Japan Geoscience Union Meeting 2015

Presentation information


Symbol S (Solid Earth Sciences) » S-GL Geology

[S-GL38] Lower-Middle Pleistocene Boundary GSSP in the Kazusa Group

Mon. May 25, 2015 11:00 AM - 12:45 PM 102B (1F)

Convener:*Makoto Okada(Department of Earth Sciences, Faculty of Science, Ibaraki University), Yusuke Suganuma(National institute of Polar Research), Osamu Kazaoka(Research Institute of Environmental Geology, Chiba), Chair:Yusuke Suganuma(National institute of Polar Research), Osamu Kazaoka(Research Institute of Environmental Geology, Chiba)

12:42 PM - 12:45 PM

[SGL38-P05] Paleomagnetic and paleoenvironmental studies for the U-M Pleistocene boundary Tukabara Formation

3-min talk in an oral session

*Moto KAWAMATA1, Junko NAKAGAWA1, Yuto IKEDA1, Manami SUGAYA1, Shinzo OOI1, Makoto OKADA1 (1.College of Science,Ibaraki Unversity)

Keywords:Upper-Middle Pleistocene boundary, Paleomagnetism, Paleoenvironmental reconstruction, Blake event

The Tukabara formation distributed along the Tukabara coast, Minamisoma City, Fukushima Prefecture, which is considered to have been deposited at early part of the last interglacial period, since the sediments suggested a transgression that leads to the marine isotope stage 5e. The base of the Tukabara formation consists of a basal gravel layer and the Tagashira tephra bed which is detected at the MIS 5/6 boundary in the Images MD01-2421 core taken from off Kashima, Pacific side of the central Japan. The main part of the formation consists of a 7 meter thick varved siltstone including enough diatom and pollen fossils to reconstruct paleoenvironment. Previous paleomagnetic studies reported a reversed polarity from this siltstone layer which was correlated as the Blake excursion. Here we report results of reexamined paleomagnetic and rock-magnetic analyses.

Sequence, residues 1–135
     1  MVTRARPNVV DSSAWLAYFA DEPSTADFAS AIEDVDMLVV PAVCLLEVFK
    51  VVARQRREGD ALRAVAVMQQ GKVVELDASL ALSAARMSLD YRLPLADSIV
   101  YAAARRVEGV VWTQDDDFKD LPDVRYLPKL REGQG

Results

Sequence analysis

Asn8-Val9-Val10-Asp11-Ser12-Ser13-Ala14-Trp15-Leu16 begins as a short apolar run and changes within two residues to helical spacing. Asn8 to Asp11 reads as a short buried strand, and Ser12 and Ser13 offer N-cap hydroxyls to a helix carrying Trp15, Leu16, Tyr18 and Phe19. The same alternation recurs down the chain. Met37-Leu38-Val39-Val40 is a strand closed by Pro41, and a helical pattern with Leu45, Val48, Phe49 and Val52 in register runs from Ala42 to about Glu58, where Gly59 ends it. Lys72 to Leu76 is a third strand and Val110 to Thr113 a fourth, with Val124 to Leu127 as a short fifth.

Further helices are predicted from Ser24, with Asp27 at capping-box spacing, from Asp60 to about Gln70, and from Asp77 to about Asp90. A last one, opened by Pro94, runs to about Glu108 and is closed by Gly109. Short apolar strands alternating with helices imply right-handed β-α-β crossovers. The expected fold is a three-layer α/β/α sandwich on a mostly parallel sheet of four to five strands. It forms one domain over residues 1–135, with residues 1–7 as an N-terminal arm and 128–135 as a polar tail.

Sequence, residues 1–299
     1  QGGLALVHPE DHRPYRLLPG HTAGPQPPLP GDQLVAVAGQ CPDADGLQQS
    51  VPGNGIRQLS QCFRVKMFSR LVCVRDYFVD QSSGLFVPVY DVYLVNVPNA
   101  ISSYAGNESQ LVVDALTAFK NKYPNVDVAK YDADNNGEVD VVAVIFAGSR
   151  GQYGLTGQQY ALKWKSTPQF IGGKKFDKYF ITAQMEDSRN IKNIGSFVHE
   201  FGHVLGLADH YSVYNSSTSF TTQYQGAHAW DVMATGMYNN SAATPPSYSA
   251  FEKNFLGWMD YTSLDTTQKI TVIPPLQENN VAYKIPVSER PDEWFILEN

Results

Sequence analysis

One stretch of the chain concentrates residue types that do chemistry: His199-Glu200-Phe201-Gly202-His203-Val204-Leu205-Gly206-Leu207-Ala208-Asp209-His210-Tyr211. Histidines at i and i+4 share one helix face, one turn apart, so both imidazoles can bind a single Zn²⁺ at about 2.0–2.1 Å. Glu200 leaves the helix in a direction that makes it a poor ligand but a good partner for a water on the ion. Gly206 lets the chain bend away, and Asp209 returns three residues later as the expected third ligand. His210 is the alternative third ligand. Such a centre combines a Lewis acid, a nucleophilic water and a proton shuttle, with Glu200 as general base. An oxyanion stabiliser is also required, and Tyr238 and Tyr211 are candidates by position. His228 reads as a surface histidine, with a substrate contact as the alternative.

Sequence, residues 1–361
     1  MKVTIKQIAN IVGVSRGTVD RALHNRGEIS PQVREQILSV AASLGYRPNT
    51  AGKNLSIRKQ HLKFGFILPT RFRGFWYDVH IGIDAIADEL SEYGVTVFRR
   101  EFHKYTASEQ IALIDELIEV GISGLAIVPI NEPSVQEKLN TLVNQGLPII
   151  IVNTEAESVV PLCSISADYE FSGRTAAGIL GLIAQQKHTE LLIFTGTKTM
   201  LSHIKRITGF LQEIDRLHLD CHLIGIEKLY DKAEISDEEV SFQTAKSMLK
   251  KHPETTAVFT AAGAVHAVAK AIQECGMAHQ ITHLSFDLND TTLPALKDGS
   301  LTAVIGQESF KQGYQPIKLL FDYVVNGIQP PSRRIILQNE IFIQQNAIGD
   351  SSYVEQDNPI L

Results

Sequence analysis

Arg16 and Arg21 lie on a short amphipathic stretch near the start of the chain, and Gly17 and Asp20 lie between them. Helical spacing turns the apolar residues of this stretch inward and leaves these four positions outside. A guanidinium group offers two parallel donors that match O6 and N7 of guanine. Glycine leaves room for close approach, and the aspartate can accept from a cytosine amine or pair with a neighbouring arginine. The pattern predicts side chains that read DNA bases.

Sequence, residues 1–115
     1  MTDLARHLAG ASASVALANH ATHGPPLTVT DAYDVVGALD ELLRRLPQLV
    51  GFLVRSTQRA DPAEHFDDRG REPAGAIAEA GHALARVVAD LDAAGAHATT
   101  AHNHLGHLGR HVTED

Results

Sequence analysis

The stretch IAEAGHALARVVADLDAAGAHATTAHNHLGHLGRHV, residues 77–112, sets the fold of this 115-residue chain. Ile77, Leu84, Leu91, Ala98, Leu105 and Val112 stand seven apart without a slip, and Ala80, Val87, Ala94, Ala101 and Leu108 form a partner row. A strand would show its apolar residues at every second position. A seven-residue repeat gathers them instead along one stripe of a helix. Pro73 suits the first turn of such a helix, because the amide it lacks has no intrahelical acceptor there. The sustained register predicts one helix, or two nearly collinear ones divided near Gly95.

The silt layer, consisting of the main part of the Tukabara formation, is divided into following three parts based on paleomagnetic characteristics; Upper Zone: unstable magnetization direction after both of alternating-field thermal demagnetizations, Middle Zone: stable magnetization direction after both of alternating-field and thermal demagnetizations, Lower Zone: stable magnetization direction after alternating-field demagnetization but after thermal demagnetization. Rock magnetic and paleomagnetic experiments exhibit that the Upper Zone of the siltstone has significantly low magnetization intensities which is supposed to be due to a weak geomagnetic field caused by the Blake excursion during the depostion.
We will also report preliminary results of paleoenvironmental reconstruction using microfossil analyses. Diatom fossils were produced from all of the silt stone layers. Based on diatom assemblages, the silt layer is divided into three parts as follows; Diatom Zone 1: a marine genera dominance zone at the bottom part, Diatom Zone 2: freshwater genera dominance zone at the middle part, Diatom Zone 3: marine genera dominance zone at the top part. In the Diatom Zone 2, a shallow water genus Rhaphoneis is not seen and a freshwater cosmopolitan species Diploneis elliptica is abundant. Furthermore, a lot of varves can be well observed this Zone. This indicates that the zone is supposed to be deposited under a stagnant condition caused by a closed estuarine like environment with a fresh water discharge.